Apple Music is being overhauled? Good – here’s what it needs to do

The first incarnation of Apples Music service missed some key features. After bust ups with beats staff and even criticism from Taylor Swift, can it do better?

When Apple debuted its Music subscription service at its June 2015 worldwide developers conference, it did so in grand style with appearances by music impresario Jimmy Iovine and a performance by Drake.

Apple Music was brimming with features: access to a library of 30m tunes, a 24/7 Beats One radio station, curated playlists and integration with your existing library of music downloads. With Apple Music, the company was hoping to shore up sagging iTunes revenues and drown out rival streaming services like Spotify, Pandora and Tidal.

Apple even gave subscribers three months to fall in love with the new service; within a few weeks more than 11 million users signed up for the free trial. But before it was even half over, some 48% had decided to cancel before the $10 monthly fee kicked in, according to a survey by analytics firm MusicWatch.

Music fans werent exactly holding their lighters over their heads, screaming for more. Problems ranged from a cluttered and confusing interface, a royalties program that angered popular artists (most famously Taylor Swift), and upgrades that thoroughly bollixed subscribers existing iTunes libraries. Since then, key executives with Apples Beats subsidiary have left the company. Even iTunes international VP Oliver Schusser admitted the service had a bit of homework to do.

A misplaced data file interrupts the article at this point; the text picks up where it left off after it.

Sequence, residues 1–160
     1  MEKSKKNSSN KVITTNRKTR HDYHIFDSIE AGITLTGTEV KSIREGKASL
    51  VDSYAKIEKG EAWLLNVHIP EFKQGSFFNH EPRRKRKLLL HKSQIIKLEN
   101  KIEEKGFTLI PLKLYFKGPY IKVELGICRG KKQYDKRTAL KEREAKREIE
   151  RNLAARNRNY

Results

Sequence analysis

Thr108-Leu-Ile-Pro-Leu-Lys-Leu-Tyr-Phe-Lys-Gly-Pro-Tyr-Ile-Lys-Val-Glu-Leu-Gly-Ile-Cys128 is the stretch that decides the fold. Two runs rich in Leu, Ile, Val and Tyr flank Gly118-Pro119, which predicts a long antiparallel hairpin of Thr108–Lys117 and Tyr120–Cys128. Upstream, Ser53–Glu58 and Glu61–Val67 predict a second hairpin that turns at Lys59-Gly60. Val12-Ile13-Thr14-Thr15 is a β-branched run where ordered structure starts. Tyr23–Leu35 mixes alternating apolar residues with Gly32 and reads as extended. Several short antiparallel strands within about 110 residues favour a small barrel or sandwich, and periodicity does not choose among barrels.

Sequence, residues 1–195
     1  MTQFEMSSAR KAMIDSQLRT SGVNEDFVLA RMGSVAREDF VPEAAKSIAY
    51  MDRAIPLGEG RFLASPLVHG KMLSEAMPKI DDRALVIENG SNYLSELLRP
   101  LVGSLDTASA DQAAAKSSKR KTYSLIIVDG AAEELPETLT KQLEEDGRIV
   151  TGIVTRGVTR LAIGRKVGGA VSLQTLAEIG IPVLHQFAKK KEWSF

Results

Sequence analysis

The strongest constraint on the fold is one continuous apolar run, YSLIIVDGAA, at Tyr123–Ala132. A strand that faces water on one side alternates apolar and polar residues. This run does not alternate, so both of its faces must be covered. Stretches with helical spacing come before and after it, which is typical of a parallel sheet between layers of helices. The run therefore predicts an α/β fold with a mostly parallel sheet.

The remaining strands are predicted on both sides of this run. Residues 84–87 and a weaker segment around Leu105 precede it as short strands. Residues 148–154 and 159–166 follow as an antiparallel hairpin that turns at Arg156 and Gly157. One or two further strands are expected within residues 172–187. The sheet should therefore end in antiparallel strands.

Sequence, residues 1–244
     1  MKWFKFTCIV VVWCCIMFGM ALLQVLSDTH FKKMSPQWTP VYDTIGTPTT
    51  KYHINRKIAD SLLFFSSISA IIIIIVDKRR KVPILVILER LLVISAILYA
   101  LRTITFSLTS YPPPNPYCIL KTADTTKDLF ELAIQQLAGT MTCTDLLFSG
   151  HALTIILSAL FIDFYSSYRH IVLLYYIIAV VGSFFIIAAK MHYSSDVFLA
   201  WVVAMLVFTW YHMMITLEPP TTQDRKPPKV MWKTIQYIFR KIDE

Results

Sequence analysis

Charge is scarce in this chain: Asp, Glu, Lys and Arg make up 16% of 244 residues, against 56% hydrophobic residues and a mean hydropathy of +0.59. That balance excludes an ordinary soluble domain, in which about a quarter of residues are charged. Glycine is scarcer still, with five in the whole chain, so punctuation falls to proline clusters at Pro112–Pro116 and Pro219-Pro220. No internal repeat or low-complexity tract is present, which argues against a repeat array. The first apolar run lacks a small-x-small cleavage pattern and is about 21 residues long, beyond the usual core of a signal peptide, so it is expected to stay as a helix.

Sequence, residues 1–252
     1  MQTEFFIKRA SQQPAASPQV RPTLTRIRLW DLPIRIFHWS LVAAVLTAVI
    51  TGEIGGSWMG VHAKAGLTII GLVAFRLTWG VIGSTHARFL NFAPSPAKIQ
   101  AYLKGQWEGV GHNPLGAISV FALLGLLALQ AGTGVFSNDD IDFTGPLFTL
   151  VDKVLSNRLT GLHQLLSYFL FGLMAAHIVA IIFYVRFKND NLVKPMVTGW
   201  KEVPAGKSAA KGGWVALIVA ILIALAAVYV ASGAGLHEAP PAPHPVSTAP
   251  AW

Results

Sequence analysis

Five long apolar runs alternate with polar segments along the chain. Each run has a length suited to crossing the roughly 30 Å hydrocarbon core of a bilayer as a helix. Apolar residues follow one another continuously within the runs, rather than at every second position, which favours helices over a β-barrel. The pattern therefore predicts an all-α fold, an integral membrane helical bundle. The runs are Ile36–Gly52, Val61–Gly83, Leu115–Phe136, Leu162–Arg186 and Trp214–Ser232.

Nearly a year after Apple Musics debut, however, the company wants to take another crack at it. According to a report by Bloomberg, the company plans to launch an improved version of the music service at its WWDC next month, along with another massive marketing push. (Apple declined to confirm the news to Bloomberg.)

The report was short on details on how Apple intends to pump up the service. But assuming its true, we have a few unsolicited suggestions.

Make it simpler, stupid. Apple Musics interface totally lacks the simplicity that has been the hallmark of great Apple products. Fewer options, especially on such a small screen, would be welcome.

More free radio stations. In January, Apple restricted access to its ad-supported iTunes radio stations to paying subscribers, leaving Beats One the sole free radio option. If Apple wants to convince skeptics its service is worth $120 a year, it needs to offer more than the limited tastes of Beats DJs.

A free ad-supported version. It works for Spotify, which has 55 million free users (and 20 million paid). Why not Apple?

A downvote option. You can heart your favorite songs, but you cant tell Apple to stop suggesting artists you dont like. Apple Music needs to make better personalized music suggestions, and adding a Pandora-like thumbs-down option (the anti-Drake button, as I call it) would help.

Lose Connect. Apple Musics Connect service was supposed to bridge the gap between artists and their fans, offering them exclusive photos, videos and music. But many artists have ignored it, and it mostly seems like another attempt to sell more stuff. I doubt anyone would even notice it was gone.

Better desktop and web clients. If you want to listen to Apple Music on your computer, you need to run the resource-hogging and overly complicated iTunes software. Would a simple web client be too much to ask? Or even just a stripped-down desktop app?

If Apple wants a whole lotta love for Apple Music 2.0, it needs to make sure the song does not remain the same.

Read more: https://www.theguardian.com/technology/2016/may/04/apple-music-wwdc-taylor-swift